From: mfdylan (dylan_at_[hidden])
Date: 2002-02-23 16:29:20
--- In boost_at_y..., Beman Dawes <bdawes_at_a...> wrote:
> I've written a design document for a file system library. See
> It is still rough, but should serve to focus discussions.
> Comments appreciated.
Let's hope we can get enough momentum going this time to get
something concrete done :o)
Some things I've added to my own filesystem implementation:
* permissions/file ownership. Difficult because this is a highly non-
portable concept in general, yet essential because there are enough
common characteristics that require platform-specific implementations
that should in a library. To prove it was possible I've written NT
implementations for chown*, owner, group, chmod, mode, and access
that do (nearly) all the nearly ACL manipulations. Some are
impossible, some are just (IMO) pointless, so for instance you can't
make a file readable by everyone except the owner like you can under
UNIX (ok, now someone tell me why you would want to). They use
strings to represent user and group names which under NT means you
need to include the domain name (my own computer at work has
two 'dylan' users, one for the local domain, and one for the network
domain). I use a set of 'permission' tags more or less like POSIX
(owner_readable, group_writeable, other_executable).
Anyone who has written code to manipulate NT ACL's would probably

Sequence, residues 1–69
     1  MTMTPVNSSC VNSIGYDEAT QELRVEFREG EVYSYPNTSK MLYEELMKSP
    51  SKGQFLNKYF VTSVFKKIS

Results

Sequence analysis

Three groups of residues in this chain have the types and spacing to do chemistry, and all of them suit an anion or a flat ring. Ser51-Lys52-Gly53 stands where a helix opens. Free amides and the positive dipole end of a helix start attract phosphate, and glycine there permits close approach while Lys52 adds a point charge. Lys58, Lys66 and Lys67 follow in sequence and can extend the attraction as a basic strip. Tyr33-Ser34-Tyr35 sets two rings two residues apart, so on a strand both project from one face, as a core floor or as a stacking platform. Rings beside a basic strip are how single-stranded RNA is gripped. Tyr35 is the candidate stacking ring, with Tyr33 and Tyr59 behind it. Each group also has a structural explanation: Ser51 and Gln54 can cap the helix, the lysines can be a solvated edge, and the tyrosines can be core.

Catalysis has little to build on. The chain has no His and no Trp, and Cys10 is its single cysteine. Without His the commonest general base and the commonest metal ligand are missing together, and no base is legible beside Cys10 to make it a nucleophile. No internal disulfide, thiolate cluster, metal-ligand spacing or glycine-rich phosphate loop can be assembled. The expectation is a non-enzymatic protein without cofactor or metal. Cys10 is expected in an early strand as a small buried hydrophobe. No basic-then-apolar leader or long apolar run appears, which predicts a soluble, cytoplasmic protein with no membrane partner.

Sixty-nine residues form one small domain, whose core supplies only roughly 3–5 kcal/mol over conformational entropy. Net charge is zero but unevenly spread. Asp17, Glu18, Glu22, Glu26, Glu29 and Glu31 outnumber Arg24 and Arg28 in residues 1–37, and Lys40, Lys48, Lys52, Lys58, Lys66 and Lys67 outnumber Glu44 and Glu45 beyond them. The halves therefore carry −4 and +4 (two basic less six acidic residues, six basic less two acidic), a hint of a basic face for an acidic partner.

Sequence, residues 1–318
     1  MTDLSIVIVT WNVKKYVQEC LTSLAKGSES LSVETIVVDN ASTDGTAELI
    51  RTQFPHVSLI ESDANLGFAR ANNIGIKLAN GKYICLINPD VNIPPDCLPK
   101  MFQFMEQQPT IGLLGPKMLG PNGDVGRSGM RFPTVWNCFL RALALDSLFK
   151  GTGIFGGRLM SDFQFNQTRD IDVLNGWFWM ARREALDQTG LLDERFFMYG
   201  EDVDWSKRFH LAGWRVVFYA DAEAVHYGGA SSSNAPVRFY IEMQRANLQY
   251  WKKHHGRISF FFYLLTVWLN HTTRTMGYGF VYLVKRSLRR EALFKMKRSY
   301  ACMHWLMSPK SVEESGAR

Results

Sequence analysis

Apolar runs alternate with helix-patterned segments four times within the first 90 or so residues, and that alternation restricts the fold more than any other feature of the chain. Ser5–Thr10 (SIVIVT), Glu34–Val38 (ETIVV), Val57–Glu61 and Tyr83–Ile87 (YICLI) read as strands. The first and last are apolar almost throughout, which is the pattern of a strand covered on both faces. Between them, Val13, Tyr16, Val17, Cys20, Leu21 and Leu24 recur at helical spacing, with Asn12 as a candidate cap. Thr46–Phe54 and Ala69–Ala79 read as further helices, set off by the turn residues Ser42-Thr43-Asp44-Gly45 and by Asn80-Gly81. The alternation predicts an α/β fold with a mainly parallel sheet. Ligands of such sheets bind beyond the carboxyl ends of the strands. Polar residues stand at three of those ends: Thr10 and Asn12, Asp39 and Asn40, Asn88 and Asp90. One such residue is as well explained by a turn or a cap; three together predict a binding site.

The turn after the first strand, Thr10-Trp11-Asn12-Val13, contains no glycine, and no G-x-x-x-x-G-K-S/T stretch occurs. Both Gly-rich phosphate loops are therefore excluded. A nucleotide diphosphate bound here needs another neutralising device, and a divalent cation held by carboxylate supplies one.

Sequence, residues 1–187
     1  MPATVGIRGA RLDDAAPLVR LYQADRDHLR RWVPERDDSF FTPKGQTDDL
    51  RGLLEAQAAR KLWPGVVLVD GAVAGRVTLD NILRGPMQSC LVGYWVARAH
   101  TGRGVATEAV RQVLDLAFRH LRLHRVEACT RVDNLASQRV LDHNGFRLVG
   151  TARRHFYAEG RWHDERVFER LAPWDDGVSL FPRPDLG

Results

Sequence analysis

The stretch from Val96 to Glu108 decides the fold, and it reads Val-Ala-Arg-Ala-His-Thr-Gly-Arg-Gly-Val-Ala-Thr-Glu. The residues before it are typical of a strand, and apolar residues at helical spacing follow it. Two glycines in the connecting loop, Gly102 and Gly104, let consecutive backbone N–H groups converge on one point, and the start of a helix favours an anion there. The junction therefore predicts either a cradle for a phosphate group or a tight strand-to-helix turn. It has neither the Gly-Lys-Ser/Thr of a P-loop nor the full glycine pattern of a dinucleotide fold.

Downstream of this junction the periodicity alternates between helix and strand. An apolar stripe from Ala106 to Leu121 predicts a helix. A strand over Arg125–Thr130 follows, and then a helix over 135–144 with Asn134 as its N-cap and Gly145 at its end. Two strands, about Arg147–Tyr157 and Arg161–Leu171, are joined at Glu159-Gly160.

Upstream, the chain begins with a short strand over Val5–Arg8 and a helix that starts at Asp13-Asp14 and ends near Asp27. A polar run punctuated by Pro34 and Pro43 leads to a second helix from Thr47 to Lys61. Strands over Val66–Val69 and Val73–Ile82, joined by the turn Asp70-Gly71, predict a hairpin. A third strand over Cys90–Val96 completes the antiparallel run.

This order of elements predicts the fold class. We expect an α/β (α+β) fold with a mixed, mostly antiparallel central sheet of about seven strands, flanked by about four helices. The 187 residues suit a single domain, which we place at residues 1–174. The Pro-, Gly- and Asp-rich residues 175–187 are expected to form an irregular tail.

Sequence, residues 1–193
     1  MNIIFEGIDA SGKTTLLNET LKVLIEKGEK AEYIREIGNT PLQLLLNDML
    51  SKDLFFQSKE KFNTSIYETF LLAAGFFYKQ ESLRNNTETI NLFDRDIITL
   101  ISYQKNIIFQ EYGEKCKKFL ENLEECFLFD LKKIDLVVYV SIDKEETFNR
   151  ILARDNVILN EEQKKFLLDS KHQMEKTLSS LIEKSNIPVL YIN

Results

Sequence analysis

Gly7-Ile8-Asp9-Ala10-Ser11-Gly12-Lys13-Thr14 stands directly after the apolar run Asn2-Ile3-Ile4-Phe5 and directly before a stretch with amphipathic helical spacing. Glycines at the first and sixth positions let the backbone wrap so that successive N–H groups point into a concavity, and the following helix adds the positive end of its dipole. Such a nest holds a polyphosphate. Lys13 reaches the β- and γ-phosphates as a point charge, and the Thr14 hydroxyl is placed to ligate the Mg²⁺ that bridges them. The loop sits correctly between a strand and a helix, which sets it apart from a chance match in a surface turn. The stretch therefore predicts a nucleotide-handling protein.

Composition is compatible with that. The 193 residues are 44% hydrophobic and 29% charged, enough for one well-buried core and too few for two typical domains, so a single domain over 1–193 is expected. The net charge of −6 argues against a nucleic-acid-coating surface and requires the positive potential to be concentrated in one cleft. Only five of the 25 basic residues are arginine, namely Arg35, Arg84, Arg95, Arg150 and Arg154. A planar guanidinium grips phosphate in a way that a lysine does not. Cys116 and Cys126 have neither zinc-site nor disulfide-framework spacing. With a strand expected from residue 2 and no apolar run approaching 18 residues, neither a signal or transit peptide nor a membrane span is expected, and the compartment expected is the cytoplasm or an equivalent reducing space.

agree a much simpler interface is needed to perform reasonably common
operations (such as making a file only writable by its owner). Oh
and the read-only attribute is also accounted for (and set, if you
try to chmod() to just "all_read").
Anyone know anything about file system security under MAC?
* copying a file - extremely common operation, but requires writing
code under POSIX, NT has CopyFile. Moving a file often involves
copying then deleting when the built-in OS move functionality doesn't
It seems from your initial writings you are thinking along the lines
of a set of namespace-scope functions that operate on std::strings.
This is essentially what I have currently (although they accept my
pathname class, which allows passing in a string).
I also want to try a design whereby an object represents a file or
directory which has various members to represent the various
operations that can be performed on it. A separate global object can
represent the cwd if necessary.
*) to implement chown under NT means you have to pretend to be
restoring the file from backup :o)
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